It should be noted, however, that there is a surprising scarcity of decisions involving the determination of the enforceability of an insurance policy made via application by the insurer, and especially where that application is made in response to an insured's duty to defend application. In fact, I have not found any such decision, although the Slough Estates and related decisions considered below are at least indirectly relevant. There is a B.C. decision11 in which an insured's duty to defend application was dismissed because it was found that the policy was void as a result of non-disclosure by the insured of material information, but there was no counter-application by the insurer in that case. Perhaps it was considered that there was no need for one because the relevant facts were not in dispute.12
The Slough Estates and Comeau decisions
A decision which, to some degree at least, involved and considered the issues discussed in this paper is Slough Estates Canada Ltd. v Federal Pioneer Ltd.13 The insured in that case was the defendant in an action. It commenced a third party claim against its insurers and then made a motion for a declaration that the insurers were obligated to defend it in the main action. The insurers made a counter-motion for summary judgment to dismiss the third party claim, one of their grounds being that there had been non-disclosure of material information by the insured.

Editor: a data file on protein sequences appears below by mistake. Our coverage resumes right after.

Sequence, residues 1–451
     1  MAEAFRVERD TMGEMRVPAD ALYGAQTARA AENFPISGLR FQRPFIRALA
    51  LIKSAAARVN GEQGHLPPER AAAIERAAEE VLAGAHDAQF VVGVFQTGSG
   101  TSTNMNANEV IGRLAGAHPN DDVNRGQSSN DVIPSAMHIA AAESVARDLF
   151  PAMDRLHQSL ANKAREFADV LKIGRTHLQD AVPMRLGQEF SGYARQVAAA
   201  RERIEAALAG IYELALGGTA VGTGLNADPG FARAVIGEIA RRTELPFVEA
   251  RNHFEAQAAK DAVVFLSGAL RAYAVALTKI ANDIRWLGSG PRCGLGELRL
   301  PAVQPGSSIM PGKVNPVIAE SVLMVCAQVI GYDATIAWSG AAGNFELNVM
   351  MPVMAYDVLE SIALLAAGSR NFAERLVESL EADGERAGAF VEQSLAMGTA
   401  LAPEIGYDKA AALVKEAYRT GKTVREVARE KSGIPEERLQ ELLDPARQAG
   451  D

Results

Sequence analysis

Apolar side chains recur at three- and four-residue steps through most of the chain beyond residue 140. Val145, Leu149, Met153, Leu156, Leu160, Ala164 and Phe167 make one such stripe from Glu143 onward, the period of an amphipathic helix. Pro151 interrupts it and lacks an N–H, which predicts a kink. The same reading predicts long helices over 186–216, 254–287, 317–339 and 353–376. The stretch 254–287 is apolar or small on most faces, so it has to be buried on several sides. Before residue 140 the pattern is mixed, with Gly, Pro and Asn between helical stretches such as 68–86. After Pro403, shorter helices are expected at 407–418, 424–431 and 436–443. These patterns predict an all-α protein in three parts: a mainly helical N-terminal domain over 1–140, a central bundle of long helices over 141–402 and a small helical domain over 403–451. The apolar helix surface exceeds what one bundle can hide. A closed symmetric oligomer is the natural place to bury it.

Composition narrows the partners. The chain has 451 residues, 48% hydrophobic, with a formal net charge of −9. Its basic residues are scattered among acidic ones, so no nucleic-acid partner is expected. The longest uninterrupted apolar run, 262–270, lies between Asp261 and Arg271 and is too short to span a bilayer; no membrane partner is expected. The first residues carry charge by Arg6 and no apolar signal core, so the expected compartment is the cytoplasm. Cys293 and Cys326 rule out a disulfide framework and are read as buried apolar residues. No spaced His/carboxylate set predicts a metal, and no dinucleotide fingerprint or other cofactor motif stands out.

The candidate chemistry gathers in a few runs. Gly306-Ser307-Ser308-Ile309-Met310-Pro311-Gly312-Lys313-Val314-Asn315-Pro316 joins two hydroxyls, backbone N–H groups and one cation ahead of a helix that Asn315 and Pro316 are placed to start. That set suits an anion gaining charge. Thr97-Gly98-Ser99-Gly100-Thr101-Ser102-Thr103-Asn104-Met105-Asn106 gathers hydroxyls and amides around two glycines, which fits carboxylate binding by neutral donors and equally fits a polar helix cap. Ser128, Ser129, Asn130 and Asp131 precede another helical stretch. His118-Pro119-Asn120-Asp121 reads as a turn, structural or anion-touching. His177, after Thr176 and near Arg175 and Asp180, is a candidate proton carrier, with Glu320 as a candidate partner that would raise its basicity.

The first significant finding that was made was that the insurers' extrinsic evidence was inadmissible on the insured's motion.14 That, of course, is consistent with the general rule regarding the inadmissibility of extrinsic evidence on a duty to defend application.
It was next held that the proper course of action for the insurers was to move for summary judgment if the insured's motion were successful.15 This supports my view that an insurer can raise the issue of the validity of the insurance policy prior to trial, although I see no purpose to be served or benefit to be gained by putting off the insurer's application until after the resolution of the insured's duty to defend application. Whether or not the insured's application succeeds, it is to the benefit of all parties to have an early resolution of the validity issue. If practicable, the two applications ought to be heard together.